Clinical Validation and Cognitive Elaboration: Signs That Encourage Sustained Recycling

Werner, Carol M.; Stoll, Robert; Birch, Paul; White, Paul H. (2002). Clinical Validation and Cognitive Elaboration: Signs That Encourage Sustained Recycling. Basic and Applied Social Psychology, 24, 3, 185 – 203.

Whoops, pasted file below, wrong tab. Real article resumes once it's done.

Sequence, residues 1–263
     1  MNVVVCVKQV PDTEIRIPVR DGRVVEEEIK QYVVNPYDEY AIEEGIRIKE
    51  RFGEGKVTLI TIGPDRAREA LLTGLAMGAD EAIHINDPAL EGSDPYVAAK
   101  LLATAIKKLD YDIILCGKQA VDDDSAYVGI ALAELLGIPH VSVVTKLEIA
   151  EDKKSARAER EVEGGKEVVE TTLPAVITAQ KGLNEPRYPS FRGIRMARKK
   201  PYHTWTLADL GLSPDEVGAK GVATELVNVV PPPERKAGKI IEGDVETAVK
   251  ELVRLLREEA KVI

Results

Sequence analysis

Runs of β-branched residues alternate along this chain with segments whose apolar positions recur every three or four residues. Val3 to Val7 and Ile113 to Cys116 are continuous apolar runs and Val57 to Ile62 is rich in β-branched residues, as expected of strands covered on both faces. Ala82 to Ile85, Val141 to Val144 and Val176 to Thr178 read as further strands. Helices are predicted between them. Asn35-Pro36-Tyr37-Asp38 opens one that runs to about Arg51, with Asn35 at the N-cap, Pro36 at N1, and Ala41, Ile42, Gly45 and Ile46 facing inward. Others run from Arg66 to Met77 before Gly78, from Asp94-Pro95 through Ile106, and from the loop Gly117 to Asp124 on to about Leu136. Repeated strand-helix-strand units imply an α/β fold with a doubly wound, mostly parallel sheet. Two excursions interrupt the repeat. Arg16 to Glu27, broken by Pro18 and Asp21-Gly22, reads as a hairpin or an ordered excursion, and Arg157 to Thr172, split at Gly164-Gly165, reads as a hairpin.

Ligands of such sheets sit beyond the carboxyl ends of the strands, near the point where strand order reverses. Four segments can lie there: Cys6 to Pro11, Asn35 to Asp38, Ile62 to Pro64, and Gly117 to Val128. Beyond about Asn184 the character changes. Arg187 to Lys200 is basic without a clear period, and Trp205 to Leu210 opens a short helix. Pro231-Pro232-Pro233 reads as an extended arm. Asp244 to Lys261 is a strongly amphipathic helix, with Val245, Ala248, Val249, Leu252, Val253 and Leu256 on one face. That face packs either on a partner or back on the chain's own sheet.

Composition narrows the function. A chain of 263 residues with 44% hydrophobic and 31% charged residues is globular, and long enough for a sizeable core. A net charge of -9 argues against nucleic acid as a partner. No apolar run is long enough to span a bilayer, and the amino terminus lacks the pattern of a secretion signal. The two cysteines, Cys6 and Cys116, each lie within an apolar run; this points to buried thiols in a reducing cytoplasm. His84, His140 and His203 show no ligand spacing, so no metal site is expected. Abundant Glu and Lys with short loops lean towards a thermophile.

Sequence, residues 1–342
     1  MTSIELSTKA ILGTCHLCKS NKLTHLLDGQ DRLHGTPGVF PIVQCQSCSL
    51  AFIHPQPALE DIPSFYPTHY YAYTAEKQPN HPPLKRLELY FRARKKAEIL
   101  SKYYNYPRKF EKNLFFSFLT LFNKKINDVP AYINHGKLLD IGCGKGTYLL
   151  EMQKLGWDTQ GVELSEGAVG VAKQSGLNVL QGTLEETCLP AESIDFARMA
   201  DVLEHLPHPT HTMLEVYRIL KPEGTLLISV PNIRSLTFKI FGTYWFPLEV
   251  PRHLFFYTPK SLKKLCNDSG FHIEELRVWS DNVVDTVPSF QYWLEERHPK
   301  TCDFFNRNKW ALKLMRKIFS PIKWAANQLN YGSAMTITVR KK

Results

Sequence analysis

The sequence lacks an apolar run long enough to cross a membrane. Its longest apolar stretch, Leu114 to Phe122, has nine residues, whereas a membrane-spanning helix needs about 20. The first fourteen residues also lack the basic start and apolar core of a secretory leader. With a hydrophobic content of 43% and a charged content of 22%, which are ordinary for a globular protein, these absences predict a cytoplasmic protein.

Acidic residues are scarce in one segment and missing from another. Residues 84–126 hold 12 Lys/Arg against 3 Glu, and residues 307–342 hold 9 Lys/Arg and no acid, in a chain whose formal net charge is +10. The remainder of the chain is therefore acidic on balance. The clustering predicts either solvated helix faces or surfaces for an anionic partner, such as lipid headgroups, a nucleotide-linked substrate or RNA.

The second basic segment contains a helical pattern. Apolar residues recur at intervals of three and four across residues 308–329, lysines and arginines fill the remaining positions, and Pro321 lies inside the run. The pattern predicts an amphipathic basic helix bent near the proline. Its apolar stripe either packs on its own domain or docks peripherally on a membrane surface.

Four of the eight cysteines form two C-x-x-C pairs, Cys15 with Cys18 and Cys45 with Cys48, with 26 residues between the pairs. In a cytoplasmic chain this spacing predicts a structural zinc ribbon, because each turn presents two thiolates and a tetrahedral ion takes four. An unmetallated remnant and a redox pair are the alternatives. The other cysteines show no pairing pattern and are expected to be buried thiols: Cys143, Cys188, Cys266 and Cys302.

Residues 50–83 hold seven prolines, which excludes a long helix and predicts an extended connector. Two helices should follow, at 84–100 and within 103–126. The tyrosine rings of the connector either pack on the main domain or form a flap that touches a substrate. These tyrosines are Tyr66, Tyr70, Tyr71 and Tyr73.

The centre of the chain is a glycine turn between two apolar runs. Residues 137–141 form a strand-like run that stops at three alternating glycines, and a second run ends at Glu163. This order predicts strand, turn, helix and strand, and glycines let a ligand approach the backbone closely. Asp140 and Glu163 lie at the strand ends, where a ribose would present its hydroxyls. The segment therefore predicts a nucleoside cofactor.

Three field experiments coupled the clinical psychology concept of validation with Elaboration Likelihood Model-Heuristic-Systematic Model theorizing to increase the influence of persuasive messages on aluminum can recycling. Signs that validated students' complaints that aluminum can recycling was inconvenient, but persuaded them to recycle anyhow (validate-persuade) were expected to reduce reactance, increase scrutiny and cognitive elaboration, and result in longer term behavior change. Across these 3 experiments, signs influenced recycling relative to baseline; a persuasive message was more influential than convenience; and clinical validation received support as a way to increase message scrutiny, cognitive elaboration, and sustained behavior change.

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